Bardstown Road Chipotle Closes — Briefly — After Several Employees Quit

Taped signs on restaurant windows and drive-throughs, declaring them closed due to staff shortages and walkouts, have become something of a symbol of the muted labor revolution currently happening in the United States. 

On Monday night, it appeared as if the employees of the Bardstown Road Chipotle had joined the ranks of departing food workers when WHAS anchor Doug Proffitt posted a picture of one such announcement on his professional Facebook page: “CLOSED,” the note read, “Half of our staff walked out including the manager and we are no longer able to remain open.”

A series of staff resignations led to the store closing early on Monday, according to the restaurant’s general manager, Raven Whallen, when reached by LEO. Although, on Tuesday morning, it was open again. Whallen said one employee who had put in her two weeks notice quit early, a manager quit and another employee left permanently because she was too scared to return after her car’s catalytic converter was stolen and her tires were slit. Whallen, who has worked at the Chipotle since February, said it has been difficult keeping the restaurant staffed.

“A lot of people don’t want to work nights, and if they do they, they’re underage. So, it’s kind of hard because they all have to be off at a certain time. We have to follow the labor laws,” she said.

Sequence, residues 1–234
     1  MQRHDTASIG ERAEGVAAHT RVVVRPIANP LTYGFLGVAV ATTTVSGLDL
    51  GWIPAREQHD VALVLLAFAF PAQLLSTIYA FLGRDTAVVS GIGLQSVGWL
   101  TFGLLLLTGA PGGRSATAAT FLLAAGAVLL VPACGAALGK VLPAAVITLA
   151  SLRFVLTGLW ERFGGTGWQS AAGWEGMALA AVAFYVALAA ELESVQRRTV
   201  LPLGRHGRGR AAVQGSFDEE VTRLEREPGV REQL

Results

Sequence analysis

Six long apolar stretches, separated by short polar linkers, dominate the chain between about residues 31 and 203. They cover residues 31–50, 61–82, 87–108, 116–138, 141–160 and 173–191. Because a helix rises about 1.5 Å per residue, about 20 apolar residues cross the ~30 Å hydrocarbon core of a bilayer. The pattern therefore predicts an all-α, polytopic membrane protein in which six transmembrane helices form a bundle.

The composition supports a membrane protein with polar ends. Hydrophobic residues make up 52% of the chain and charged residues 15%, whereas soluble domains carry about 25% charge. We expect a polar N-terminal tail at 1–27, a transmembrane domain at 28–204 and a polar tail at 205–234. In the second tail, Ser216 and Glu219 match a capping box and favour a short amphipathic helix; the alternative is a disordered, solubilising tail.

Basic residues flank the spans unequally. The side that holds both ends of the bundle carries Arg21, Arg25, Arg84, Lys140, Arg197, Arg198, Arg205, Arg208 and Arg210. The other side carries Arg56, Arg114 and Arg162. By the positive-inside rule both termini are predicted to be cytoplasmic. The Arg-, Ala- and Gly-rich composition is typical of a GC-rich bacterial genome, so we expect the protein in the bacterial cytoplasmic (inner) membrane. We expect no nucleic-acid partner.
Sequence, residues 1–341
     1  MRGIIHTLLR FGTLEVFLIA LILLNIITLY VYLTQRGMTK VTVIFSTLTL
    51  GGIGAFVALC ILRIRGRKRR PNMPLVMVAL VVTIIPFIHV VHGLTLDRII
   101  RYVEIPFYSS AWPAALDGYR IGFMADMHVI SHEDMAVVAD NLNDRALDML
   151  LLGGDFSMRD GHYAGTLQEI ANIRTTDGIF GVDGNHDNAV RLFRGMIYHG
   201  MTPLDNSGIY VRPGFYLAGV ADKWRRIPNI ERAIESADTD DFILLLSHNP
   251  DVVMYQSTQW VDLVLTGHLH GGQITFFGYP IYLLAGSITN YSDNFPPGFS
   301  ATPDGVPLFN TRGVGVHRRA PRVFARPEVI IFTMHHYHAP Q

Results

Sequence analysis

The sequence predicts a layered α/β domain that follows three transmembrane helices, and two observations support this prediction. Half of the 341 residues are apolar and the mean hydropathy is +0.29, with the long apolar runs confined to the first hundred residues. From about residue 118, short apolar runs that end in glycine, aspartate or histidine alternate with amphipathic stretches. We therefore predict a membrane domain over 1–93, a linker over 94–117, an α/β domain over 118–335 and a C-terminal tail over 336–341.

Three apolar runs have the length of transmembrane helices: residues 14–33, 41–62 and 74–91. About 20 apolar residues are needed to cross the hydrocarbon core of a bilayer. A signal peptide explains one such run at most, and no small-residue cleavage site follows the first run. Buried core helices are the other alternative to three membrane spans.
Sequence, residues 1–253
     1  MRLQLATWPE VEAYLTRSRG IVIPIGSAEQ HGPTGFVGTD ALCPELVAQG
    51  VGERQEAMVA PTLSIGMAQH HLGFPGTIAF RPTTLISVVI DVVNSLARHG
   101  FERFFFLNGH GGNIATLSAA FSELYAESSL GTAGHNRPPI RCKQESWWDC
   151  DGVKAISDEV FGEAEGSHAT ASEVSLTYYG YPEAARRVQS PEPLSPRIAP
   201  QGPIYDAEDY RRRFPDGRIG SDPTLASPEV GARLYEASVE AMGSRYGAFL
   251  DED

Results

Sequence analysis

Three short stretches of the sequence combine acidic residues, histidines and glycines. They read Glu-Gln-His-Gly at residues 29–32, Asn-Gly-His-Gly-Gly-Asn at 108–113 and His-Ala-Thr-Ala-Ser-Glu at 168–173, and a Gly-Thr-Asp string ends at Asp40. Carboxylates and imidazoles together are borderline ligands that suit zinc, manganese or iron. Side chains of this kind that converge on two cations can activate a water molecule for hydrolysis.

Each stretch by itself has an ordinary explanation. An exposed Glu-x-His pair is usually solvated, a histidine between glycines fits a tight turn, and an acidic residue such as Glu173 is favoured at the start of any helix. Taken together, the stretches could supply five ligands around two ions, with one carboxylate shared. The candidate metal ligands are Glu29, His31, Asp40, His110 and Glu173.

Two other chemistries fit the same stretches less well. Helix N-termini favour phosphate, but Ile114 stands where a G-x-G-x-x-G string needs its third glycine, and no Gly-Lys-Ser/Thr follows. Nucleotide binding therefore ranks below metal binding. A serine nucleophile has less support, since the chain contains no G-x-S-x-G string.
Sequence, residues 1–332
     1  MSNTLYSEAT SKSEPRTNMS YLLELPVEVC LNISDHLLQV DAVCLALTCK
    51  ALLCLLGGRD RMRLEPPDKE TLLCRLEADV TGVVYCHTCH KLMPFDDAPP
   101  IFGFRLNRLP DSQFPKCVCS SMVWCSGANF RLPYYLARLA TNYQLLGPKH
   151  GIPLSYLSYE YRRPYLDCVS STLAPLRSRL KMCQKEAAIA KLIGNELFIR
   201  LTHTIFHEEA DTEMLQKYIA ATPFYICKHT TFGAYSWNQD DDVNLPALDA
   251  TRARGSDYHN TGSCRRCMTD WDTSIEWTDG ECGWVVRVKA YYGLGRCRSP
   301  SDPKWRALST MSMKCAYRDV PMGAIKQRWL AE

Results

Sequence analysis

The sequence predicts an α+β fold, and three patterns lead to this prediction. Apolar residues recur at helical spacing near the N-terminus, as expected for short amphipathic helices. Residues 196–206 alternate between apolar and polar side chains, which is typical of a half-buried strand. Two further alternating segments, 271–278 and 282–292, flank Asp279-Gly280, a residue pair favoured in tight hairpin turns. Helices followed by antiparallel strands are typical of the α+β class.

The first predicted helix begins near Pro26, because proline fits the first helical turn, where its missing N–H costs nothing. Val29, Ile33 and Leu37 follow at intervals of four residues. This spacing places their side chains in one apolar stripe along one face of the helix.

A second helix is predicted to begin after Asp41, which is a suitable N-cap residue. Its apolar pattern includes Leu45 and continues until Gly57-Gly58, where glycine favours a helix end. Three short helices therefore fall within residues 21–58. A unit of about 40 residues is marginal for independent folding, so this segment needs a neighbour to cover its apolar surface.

A Louisville woman purporting to be a former Chipotle manager, Sidney Plogsted, shared Profitt’s post and said that the chain’s employees have had a difficult time working through the pandemic. 

“…the thing that pushed us to our breaking points were the customers treating us poorly for doing the best we can. my team and i were cussed at, threatened, had food thrown at us, and called degrading and dehumanizing things over something as simple as a messed up order,” she wrote.

Plogsted also accused corporate Chipotle of making things worse for employees by asking them to work 50-70 hours per week.

In response to an email for comment, Chipotle Chief Corporate Affairs Officer Laurie Schalow said, “Chipotle’s engaged and hard-working employees are what makes us great, and we encourage our employees to contact us immediately, including through an anonymous 800 number, with any concerns so we can investigate and respond quickly to make things right.”

Plogsted, who wrote that she now has a new job as a medical assistant, ended her post with a plea to be nice to service workers. 

“they are people, with families, emotions, and lives outside of where they work, not robots,” she said.

More people are quitting their jobs now in the United States than ever, and the phenomenon has been dubbed the Great Resignation. Several reasons have been given for the trend: Burnout among workers, child care difficulties, a lingering fear of COVID, a reevaluation of priorities and comfier financial cushions, partly thanks to government money distributed during the pandemic. 

Kentucky had the highest quit rate out of any state in August, according to a recent report from the U.S. Bureau of Labor Statistics, although more people in the state were hired than quit that month. 

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